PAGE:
Martha Metzner made history, setting legal precedent before she ever became a lawyer.
Her case, an acrimonious divorce, continues to be used in current courtrooms and is unique because she was a lay litigant, acting as her own legal counsel.
“[The case] lasted about 13 years, which was twice as long as the marriage,” she said.
The case was rare, resulting in a seven-week trial.
Twice the Supreme Court of Canada became involved.
A lower court made its ruling.
The BC Court of Appeal overturned that ruling, and Metzner applied to the Supreme Court of Canada to challenge the Court of Appeal’s decision.
“The facts were sufficiently unique that even though they didn’t feel the need to have the whole case heard, they essentially smacked the hands of the Court of Appeal by remanding it back to the Court of Appeal to be heard by a different panel, taking into consideration different aspects.”
The appeal court revisited the case and sided with the lower court. Then her ex-husband appealed that appeal court decision and went to the Supreme Court of Canada. It sided with the appeal court and took an unusual step – awarding her court costs.
“They had never had costs awarded to a lay litigant,” Metzner explained.
The case was very traumatic for her children but she hopes it also set a good example about facing adversity.
About four years into the divorce case, she could no longer afford lawyers, and fought her own case through the courts, which set the stage for the next chapter of her life.
“Although it was tough, I learned a lot about the law,” Metzner said.
People suggested she become a lawyer.
“In my opinion, if you’re thrown lemons, make lemonade,” she said.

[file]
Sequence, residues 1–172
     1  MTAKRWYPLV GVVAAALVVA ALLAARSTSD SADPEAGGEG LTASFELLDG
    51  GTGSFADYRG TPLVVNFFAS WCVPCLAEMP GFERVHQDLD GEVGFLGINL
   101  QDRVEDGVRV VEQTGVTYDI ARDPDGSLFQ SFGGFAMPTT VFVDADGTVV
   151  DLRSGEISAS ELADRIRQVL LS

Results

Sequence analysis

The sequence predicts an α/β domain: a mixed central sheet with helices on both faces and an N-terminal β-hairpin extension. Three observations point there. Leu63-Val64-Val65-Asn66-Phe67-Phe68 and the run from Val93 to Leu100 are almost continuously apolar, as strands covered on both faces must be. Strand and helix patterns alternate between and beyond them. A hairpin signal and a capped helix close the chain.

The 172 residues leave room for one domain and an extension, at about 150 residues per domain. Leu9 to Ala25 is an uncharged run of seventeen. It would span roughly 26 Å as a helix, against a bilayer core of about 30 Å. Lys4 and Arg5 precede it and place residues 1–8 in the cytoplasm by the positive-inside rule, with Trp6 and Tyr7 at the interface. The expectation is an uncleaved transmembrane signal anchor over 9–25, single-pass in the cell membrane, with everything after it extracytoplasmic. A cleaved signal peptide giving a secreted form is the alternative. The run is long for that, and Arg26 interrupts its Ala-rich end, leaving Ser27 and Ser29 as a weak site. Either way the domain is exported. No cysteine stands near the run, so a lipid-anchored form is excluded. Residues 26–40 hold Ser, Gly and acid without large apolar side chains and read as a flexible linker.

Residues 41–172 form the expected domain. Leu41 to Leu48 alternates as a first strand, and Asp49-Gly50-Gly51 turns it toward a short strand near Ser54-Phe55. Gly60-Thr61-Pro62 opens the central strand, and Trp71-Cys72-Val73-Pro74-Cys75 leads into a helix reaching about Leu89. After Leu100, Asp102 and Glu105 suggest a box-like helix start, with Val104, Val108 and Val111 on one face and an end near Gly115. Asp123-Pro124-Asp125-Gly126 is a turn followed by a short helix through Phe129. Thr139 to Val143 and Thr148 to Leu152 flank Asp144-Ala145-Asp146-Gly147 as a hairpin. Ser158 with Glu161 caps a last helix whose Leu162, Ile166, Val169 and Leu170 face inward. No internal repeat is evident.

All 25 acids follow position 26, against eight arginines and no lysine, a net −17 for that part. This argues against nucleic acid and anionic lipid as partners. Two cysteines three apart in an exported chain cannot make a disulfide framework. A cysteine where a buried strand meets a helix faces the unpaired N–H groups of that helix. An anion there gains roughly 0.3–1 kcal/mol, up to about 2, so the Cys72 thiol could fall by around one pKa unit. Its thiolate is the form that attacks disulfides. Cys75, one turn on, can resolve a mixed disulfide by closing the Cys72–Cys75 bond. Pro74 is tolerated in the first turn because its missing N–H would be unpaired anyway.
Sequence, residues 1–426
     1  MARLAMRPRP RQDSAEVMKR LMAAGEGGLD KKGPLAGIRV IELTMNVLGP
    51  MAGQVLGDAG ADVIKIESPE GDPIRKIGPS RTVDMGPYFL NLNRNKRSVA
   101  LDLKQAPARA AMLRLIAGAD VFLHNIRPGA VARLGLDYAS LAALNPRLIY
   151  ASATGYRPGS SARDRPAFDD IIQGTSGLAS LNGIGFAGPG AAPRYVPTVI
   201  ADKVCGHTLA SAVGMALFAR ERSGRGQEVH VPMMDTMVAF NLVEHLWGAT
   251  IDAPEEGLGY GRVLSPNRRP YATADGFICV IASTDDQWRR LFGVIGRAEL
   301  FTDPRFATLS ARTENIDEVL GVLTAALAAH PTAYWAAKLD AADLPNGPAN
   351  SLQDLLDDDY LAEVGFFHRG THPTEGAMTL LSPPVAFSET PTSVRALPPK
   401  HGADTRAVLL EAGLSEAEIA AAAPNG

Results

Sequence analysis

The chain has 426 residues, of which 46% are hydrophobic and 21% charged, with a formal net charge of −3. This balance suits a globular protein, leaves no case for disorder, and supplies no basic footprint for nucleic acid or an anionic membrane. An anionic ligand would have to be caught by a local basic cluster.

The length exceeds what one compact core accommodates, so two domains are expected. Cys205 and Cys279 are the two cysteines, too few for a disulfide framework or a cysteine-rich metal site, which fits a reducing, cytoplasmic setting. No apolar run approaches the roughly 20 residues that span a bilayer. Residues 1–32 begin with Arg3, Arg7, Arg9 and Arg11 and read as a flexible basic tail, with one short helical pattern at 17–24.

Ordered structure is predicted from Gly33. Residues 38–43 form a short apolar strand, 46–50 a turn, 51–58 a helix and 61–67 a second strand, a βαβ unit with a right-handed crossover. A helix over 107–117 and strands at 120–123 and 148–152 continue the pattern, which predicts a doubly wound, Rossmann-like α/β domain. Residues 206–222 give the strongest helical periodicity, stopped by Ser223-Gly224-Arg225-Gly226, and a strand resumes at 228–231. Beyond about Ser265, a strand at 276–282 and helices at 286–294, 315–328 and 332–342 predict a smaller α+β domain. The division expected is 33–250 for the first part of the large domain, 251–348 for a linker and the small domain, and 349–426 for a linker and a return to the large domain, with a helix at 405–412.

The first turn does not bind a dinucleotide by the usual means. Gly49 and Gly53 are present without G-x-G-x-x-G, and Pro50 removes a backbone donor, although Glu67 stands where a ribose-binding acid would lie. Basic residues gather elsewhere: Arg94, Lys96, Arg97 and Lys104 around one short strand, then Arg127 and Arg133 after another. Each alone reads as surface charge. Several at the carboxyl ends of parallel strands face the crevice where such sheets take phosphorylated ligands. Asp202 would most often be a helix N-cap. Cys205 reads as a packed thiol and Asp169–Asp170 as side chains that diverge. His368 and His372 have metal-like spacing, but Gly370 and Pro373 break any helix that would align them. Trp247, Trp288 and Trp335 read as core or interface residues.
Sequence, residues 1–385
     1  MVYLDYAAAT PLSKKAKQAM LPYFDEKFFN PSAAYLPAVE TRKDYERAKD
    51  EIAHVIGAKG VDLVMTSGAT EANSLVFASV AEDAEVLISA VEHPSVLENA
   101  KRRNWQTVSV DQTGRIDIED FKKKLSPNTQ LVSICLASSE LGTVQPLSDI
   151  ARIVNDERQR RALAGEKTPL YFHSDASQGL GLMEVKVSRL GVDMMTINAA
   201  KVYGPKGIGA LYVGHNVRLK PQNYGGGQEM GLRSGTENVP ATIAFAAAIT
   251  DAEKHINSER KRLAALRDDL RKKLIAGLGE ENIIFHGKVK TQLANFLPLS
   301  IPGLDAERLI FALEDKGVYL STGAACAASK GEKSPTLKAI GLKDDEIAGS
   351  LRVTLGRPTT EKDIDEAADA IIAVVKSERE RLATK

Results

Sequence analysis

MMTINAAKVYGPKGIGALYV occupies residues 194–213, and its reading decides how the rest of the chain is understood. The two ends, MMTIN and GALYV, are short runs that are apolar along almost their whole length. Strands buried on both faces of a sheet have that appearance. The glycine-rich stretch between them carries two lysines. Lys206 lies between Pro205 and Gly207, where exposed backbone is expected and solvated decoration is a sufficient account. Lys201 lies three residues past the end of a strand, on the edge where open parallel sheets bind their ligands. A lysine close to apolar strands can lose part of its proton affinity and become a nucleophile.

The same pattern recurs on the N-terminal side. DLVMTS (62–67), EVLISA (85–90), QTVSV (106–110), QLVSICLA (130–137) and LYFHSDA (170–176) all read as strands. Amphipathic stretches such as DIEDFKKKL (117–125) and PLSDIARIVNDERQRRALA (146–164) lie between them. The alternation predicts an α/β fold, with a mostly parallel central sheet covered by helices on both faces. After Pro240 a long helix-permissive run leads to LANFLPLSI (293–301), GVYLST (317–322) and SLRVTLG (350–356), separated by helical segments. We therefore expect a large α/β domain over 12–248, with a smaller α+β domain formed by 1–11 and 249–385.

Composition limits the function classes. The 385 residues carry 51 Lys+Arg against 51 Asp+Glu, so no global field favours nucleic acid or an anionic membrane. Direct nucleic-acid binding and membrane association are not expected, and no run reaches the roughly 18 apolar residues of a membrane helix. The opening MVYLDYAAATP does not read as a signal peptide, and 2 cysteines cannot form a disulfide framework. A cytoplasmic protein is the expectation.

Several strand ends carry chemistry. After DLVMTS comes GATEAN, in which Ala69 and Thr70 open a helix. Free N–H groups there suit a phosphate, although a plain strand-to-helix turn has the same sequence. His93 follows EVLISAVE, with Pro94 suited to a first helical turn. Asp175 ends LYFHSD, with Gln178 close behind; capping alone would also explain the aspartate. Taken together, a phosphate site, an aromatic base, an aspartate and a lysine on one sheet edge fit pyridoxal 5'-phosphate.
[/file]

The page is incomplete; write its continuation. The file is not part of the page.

She had life and legal experience that served her well in law school, but it was tough to get in and tough to graduate.
She understands how stressed, frustrated and exhausted her clients can be when going through a family law case.
She wasn’t initially going to go anywhere near family law but realized her experience made her uniquely qualified.
“I felt like it would be burying a gift,” she commented.
And the respect she earned by taking on big challenges made her more contemplative and focused on integrity in her work.
“My motto for this firm [Martha D. Metzner Law Corp.]… is first seek to understand then to be understood.”
She had the good fortune to come from a family that expected the children to work hard, no matter their gender, and she prides herself on having been inclusive in her law practice, advocating for the rights of people in the LGBTQ community.
And she welcomes the #MeToo and #TimesUp movements that are providing women with the opportunity to discuss gender-based abuse and misconduct against them.
“I’m very pleased that the #MeToo movement has finally happened,” she commented. “It takes courage.”
Metzner doesn’t define her success in the legal profession as being the stereotypical adversarial win-at-all-costs lawyer, because in family law, there are usually children and no lack of emotional rawness involved.
“Growing up in a family where there is strife is hard,” the mother of three noted.
Metzner tells her clients to think about their behaviour, and not just in how it affects their legal case in family law.
“I tell my clients how important it is to be an example to your children,” she said.
She sees her work as not just solving immediate legal problems but helping change the course of clients’ lives for the better. And key to that is for people to think about their actions and words because they are setting an example for their children.
“Those examples last a lifetime,” she said. “It also helps me defend them in court.”
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